Jul 10, 2012, 11:53 PM
I find wedding rings pretty often. There are tons of them lost. What I do is hold them for 1 month and check for adds for missing jewels in the local paper and craigslist. That is all. Never, ever would I ask a life guard or a cop. Taking to much of a risk for the item to be stolen. Just chill out, watch adds or even place one and if no answer, go ahead and reap the benefits of your hard work. Cheers.
Jul 11, 2012, 12:19 AM
Very ,very informative,thank you
Jul 12, 2012, 12:50 AM
I think you need to drive back out there and return it to the ranger station asap. On the way there you should stop by a local dept. store and purchase a costume ring that looks similar to the ring in question. When you leave it with the ranger( the costume look a like) attach a note with your name and phone number and a short paragraph stating you frequently find rings and maybe even have a couple more rings at home that are similar to the ring in question. That way you can say you really did try to find the owner and if they don't call you can keep it with a clean conscious. In this economy there is entirely too much temptation for honest people to help themselves rather than do the right thing...I certainly wouldn't trust a random park ranger to do the right thing when there is nobody to hold them accountable... sad but true.
Jul 12, 2012, 12:36 PM
mark, you say:
" I have serious doubts that they will want to waste valuable police time giving us a hard time when we're spending our time trying to find the owner ourselves "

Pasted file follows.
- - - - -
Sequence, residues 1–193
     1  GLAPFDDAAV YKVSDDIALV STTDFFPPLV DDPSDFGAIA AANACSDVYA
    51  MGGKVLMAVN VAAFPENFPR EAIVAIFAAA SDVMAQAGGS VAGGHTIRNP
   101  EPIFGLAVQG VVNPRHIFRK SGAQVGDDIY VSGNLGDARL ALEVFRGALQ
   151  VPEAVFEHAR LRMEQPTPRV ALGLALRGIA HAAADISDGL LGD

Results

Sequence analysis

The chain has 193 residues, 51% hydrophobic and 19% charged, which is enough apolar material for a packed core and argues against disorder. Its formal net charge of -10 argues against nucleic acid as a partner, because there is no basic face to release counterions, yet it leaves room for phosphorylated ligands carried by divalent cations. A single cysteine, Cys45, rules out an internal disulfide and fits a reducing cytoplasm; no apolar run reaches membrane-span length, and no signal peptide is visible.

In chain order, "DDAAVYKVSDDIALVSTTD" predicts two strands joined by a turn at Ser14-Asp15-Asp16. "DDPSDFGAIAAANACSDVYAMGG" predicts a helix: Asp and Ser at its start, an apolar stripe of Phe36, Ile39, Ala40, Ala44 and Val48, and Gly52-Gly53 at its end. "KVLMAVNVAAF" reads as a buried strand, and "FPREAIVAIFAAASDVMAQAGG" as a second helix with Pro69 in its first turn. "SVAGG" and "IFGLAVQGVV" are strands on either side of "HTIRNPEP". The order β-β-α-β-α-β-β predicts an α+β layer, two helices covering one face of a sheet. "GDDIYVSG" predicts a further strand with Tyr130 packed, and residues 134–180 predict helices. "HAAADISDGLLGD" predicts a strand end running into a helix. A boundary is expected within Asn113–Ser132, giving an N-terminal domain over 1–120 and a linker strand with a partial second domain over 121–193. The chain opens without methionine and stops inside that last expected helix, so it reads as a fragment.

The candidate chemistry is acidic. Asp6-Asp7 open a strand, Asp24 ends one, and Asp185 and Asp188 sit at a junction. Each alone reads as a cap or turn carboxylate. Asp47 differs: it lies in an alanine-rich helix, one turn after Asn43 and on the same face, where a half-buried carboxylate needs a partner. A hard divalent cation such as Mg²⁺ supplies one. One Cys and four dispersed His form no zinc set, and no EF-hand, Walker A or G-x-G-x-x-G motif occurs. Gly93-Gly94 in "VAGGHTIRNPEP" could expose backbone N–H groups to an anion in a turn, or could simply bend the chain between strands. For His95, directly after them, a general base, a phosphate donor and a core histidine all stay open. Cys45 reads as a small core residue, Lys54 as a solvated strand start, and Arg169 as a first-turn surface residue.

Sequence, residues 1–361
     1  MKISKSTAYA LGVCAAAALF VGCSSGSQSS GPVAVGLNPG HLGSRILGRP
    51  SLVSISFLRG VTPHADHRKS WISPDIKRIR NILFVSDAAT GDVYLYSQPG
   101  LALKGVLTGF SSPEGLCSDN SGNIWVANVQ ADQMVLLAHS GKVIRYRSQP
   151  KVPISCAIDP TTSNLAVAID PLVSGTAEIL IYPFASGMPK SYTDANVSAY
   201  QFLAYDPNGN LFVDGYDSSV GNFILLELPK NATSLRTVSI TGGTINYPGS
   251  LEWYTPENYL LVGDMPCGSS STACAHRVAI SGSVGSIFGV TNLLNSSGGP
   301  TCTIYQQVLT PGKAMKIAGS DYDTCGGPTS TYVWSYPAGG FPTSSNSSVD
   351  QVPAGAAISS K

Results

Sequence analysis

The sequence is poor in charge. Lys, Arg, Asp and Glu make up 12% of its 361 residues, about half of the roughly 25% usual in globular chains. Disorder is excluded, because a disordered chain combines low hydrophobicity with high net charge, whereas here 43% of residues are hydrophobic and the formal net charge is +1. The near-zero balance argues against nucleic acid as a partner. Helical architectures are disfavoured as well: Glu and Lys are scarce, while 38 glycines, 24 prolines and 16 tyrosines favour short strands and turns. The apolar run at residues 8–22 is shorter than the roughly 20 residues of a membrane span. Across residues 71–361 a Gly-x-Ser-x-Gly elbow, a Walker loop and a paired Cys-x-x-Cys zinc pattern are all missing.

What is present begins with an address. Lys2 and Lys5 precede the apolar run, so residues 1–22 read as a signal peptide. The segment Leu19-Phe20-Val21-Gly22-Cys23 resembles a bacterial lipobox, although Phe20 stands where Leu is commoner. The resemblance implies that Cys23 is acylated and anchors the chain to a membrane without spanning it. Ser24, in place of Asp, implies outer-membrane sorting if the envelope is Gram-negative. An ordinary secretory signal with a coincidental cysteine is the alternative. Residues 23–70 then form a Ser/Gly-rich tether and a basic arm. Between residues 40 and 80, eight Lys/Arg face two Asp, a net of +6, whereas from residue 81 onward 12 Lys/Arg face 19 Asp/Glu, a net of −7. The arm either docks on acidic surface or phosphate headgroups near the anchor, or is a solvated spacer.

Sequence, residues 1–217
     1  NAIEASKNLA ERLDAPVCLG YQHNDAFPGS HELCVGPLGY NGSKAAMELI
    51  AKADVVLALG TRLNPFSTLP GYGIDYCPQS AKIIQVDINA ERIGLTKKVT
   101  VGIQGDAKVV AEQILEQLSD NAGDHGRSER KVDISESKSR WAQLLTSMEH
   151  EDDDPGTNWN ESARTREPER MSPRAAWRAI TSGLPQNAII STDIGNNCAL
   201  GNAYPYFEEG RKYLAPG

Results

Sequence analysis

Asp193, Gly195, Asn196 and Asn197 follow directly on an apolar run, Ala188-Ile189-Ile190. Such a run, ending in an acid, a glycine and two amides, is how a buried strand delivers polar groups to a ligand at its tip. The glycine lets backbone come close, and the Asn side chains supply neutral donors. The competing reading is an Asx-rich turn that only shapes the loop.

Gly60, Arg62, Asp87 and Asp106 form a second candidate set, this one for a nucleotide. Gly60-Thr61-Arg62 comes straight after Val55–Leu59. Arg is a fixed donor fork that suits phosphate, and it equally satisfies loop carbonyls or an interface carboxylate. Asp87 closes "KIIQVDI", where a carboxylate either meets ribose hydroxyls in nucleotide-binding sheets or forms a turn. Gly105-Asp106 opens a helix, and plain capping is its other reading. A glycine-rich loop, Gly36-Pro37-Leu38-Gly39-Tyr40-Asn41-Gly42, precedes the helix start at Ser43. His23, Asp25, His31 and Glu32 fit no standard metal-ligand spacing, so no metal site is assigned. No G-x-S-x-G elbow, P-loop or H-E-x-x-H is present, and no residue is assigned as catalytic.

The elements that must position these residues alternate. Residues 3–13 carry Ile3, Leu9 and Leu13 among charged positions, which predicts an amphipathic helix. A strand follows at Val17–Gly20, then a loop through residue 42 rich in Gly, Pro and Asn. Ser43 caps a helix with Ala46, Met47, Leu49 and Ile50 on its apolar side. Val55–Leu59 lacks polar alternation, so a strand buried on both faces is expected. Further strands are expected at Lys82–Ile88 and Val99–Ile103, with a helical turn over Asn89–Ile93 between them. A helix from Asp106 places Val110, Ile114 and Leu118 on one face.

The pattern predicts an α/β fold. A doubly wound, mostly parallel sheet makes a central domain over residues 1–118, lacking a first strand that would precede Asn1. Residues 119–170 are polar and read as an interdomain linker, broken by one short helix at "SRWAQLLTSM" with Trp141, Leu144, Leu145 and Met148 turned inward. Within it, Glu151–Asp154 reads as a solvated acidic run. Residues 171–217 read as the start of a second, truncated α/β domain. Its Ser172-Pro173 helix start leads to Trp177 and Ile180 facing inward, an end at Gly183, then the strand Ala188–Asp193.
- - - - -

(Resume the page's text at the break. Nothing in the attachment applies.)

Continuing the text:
You're right, it seems a far stretch to think police would waste their time with lost & found laws like this, trying to see if a CL person is violating value-threshold laws. But one time I found a pair of prescription glasses on a touristy beach-town beach. I was about to pitch them, when I figured "heck, some poor fellow would probably like to get these back, and they look freshly lost". I was contacted by the police of this small beach-side resort town, when they saw my found ad. In my ad, I'd put "found with a metal detector". The police answered the ad, because apparently someone had come in to the dept. the day before, and made a report of lost glasses on that very beach! (so in case someone turned them in to the police). As it turns out, my glasses did not match the description of the ones the police were keeping a watch for.
But what followed next, in the email exchange with the police, sort of "put me on edge": They warned me that in the future, to please take anything of value I find with my metal detector, to the police station. And if the station is closed (d/t it's a smalltown with limited office hours), that "there's a night-slot box to drop it in". And they alluded that I need to be doing this, to "... be in compliance with the law". It was at that point that I started looking at what the heck they were talking about, as to some supposed "law" that required me to take anything I find to them. Doh!
So yes, it would be very rare that any cop would think to chase down CL people who post "found" items. But as you can see from my little exchange, ....... hmmm..... anything's possible. But yeah, I think they have more important things to do normally. Mine was probably an exception, because they just happened to helping someone out, by seeing if something had shown up on CL.
Last edited by Tom_in_CA; Jul 12, 2012 at 12:41 PM.
Metal detecting is my one worldy vice!
Jul 12, 2012, 02:18 PM